A typical Gujarat village scene
My friend and I arrived at Gujarat’s Bhuj airport close to the Rann of Kutch – a salt marsh -- on the border with Pakistan. A dispute over the Rann led to a war between India and Pakistan in 1965. We were taken to the office of the District Superintendent of Police on arrival to obtain a permit to visit some of the banni border villages in the Greater Rann, a high security area.
Armed with the permit, the next morning, we drove past the black mountains set amidst a stark terrain. The salt threw up a pinky glow with the reflection of the sun. We drove to a Hindu temple dedicated to the mountain gods. We were told the Hindu priests there feed the jackals living in the wilderness at noon each day. As the numerous onlookers waited, a solitary jackal emerged to claim his scrap lunch and disappeared into the bush.
The five Banni Harijan border villages are famous for mirror work. Our guide pointed to the mud and mirror work on the interior walls of the village homes where the residents sell embroidered items, a cottage industry in Gujarat.
We were amazed at the skills, as we stopped over in the villages of Bhujodi, famous for woollen shawls with mirror work. We drove to a village rebuilt with donations from the Economics Nobel Prize Winner, Amartya Sen, after the earthquake. The houses, similar to the Kenyan rondavels, are said to be quake resistant.
As described by Rudyard Kipling “Providence created the Maharajas to offer mankind a spectacle”. Gujarat has a number of Maharajas and their enormous edifices are either maintained by the families as hotels or open to visitors. We saw the Aina Mahal in Kutch. The palace, a museum today, had suffered badly during the earthquake.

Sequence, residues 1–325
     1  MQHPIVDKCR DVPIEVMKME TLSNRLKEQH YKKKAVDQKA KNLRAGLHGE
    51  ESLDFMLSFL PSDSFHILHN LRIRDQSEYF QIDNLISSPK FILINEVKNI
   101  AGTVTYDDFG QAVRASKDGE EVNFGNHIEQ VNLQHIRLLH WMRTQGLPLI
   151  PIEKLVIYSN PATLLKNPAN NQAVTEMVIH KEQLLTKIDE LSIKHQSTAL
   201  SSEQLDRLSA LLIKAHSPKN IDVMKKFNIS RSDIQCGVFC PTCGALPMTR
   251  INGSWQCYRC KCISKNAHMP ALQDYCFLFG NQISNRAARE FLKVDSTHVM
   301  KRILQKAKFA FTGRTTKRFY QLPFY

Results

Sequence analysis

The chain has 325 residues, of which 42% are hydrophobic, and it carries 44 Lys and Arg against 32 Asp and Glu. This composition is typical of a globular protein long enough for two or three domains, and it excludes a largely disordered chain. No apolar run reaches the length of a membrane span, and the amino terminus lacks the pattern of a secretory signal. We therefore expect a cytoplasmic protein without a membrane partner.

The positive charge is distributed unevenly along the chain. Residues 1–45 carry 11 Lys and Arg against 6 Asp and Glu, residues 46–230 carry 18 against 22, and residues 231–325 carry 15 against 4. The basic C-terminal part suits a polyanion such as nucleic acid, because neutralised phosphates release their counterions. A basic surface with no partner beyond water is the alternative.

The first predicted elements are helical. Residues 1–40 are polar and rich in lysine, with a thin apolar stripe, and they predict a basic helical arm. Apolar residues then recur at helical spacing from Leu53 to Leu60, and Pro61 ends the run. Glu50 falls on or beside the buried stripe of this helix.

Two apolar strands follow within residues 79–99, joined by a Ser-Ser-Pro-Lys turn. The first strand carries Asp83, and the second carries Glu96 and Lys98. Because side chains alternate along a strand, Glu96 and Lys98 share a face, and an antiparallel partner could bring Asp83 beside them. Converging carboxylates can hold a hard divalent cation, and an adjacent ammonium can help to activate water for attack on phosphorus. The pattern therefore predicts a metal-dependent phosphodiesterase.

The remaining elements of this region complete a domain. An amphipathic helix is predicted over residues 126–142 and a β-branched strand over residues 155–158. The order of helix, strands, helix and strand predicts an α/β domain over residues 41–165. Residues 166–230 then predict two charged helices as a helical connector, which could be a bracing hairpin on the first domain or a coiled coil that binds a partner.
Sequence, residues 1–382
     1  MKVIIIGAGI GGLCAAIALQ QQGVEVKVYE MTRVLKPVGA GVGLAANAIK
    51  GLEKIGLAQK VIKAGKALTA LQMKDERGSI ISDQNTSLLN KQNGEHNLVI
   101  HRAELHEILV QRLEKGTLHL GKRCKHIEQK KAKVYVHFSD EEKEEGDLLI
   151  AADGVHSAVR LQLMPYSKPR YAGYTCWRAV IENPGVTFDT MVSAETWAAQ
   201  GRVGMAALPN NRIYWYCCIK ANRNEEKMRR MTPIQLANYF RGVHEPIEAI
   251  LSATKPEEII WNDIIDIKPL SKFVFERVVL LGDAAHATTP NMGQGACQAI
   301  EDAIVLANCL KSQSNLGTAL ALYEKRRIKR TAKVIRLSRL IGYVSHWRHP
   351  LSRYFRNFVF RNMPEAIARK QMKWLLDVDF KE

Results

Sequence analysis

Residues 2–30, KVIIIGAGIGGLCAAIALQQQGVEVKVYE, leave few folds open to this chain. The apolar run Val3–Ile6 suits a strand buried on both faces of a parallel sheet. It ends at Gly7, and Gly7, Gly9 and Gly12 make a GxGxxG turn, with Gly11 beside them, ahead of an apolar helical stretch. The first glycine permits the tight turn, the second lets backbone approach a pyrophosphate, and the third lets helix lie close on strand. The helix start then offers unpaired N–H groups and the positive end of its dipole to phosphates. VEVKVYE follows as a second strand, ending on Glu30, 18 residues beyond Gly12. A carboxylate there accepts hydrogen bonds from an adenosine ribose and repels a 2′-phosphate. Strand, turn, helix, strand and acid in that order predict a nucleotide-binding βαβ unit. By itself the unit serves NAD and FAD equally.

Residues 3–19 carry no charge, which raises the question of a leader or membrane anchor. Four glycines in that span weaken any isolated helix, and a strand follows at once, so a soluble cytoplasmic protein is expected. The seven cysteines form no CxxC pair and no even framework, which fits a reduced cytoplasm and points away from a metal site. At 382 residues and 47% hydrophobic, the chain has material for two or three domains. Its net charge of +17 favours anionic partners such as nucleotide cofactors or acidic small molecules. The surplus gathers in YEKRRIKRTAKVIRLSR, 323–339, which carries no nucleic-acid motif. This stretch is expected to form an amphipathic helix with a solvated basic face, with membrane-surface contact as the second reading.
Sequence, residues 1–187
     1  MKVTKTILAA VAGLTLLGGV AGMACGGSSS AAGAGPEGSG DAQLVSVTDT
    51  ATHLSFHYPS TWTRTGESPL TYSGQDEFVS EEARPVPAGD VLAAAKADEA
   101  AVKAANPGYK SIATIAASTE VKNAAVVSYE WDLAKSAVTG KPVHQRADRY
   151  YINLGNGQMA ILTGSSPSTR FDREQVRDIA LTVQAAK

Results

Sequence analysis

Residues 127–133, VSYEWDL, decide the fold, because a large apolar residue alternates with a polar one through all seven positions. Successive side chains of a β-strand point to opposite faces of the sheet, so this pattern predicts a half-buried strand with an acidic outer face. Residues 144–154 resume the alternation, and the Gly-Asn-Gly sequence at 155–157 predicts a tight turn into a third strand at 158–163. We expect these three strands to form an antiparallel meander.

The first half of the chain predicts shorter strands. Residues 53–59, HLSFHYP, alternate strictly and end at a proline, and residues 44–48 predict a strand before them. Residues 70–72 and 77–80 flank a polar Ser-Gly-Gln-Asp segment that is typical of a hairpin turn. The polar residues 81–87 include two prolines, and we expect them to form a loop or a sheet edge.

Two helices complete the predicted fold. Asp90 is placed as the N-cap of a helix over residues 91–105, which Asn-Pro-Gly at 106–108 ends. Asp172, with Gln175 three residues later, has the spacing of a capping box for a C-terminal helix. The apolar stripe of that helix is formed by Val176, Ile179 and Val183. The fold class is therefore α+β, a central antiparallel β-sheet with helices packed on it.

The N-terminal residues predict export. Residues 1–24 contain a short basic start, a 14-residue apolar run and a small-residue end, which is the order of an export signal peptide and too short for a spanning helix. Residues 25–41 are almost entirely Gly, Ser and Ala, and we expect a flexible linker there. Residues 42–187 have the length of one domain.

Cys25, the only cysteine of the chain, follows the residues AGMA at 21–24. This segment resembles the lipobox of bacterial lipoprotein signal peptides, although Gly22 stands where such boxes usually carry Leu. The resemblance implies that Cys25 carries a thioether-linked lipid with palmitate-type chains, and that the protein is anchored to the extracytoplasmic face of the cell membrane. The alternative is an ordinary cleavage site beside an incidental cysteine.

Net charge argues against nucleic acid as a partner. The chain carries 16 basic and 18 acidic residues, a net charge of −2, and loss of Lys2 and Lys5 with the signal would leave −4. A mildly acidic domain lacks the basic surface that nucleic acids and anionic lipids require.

We were fortunate to have tea with the Maharaja of Wankaner, Dr. Digvijay Singh, in his principle palace. During British times, the family was accorded eleven gun salutes. The highest number of 21 gun salutes was reserved for the larger royal states of Hyderabad, Mysore, Jammu & Kashmir, Baroda and Gwalior. At the stroke of midnight on December 28, 1970, the President of India signed and de-recognised the Princely Order and six months later the princely states were abolished, despite an undertaking given that they would continue with certain privileges.
A number of the former royal families are in the forefront in politics, fashion designing, films, sports, and business. The Maharaja of Wankaner had studied at Clare College, Cambridge and was the first environment minister in Indira Gandhi’s cabinet in the 1960s. He was responsible for setting up the tiger parks.
A knowledgeable person, Dr. Singh inquired about two of our conservation sites -- Wilpattu and Adams Peak. We saw in his palace, trophies of the animals that his father and he had shot (including a bear shipped from Alaska!).